Internet Shakespeare Editions

Author: William Shakespeare
Editor: Catherine Lisak
Peer Reviewed

Richard II (Quarto 1, 1597)


The Tragedieof
Sent backe like Hollowmas or shortst of day.
Queene And must we be diuided? must we part?
King I hand from hand (my loue) and heart from heart.
2345Queene Banish vs both, and send the King with me.
King That were some loue, but little pollicie.
Queene Then whither he goes, thither let me go.
King So two togither weeping make one woe,
Weepe thou for me in Fraunce, I for thee heere,
2350Better far off than neere be nere the neare,
Go count thy way with sighes, I mine with groanes.
Queene So longest way shall haue the longest moanes.
King Twise for one step Ile grone the way being short
And peece the way out with a heauy heart.
2355Come come in wooing sorrow lets be briefe,
Since wedding it, there is such length in griefe;
One kisse shall stop our mouths, and dumbly part,
Thus giue I mine, and thus take I thy heart.
Queene Giue me mine owne againe, twere no good part
2360To take on me to keepe, and kill thy heart:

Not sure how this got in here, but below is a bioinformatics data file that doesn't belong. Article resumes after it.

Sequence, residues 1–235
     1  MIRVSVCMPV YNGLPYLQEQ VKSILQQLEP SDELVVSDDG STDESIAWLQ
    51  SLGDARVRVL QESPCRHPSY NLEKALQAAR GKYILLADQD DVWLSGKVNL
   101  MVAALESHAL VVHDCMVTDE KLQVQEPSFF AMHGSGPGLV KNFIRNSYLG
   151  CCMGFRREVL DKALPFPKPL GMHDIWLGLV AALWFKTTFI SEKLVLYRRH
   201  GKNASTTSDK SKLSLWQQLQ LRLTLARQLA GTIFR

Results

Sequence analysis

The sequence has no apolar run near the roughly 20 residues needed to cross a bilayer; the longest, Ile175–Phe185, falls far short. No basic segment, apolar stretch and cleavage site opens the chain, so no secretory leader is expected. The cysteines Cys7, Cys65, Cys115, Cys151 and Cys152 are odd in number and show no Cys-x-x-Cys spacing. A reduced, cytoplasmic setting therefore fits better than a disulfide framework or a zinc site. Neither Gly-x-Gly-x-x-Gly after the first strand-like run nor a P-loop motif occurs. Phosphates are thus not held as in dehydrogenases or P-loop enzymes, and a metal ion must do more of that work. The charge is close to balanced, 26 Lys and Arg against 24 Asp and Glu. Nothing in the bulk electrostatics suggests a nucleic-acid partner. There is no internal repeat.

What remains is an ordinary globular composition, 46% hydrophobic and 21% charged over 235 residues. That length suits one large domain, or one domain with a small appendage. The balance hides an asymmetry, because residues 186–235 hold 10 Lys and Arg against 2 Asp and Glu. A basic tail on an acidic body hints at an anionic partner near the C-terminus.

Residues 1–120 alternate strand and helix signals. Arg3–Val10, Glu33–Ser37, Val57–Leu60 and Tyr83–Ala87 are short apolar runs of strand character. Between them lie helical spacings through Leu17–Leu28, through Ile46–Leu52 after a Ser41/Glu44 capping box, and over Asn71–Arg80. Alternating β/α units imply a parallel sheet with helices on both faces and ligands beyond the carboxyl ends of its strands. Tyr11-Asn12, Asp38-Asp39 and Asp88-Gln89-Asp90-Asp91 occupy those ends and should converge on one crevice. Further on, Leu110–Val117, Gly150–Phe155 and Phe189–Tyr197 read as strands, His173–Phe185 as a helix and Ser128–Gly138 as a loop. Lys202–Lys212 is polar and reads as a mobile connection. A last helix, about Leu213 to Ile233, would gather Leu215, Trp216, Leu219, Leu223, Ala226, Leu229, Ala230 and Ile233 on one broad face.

So now I haue mine owne againe, be gone,
That I may striue to kill it with a groane.
King We make woe wanton with this fond delay,
Once more adue, the rest let sorrow say.
Exeunt.
Enter Duke of Yorke and the Dutchesse.
Du. My Lord, you told me you would tell the rest,
When weeping made you breake the storie of
Of our two cousins comming into London.
2370Yorke Where did I leaue?
Du. At that sad stop my Lord,
Where rude misgouerned hands from windowes tops,
Threw dust and rubbish on king Richards head.
Yorke Then (as I said) the Duke great Bullingbrooke
2375Mounted vpon a hote and fierie steede,
Which his aspiring rider seemd to know,
With slow, but stately pase kept on his course,
Whilst all tongues cried, God saue the Bullingbrooke,
You would haue thought the very windows spake:
2380So many greedy lookes of yong and old
Through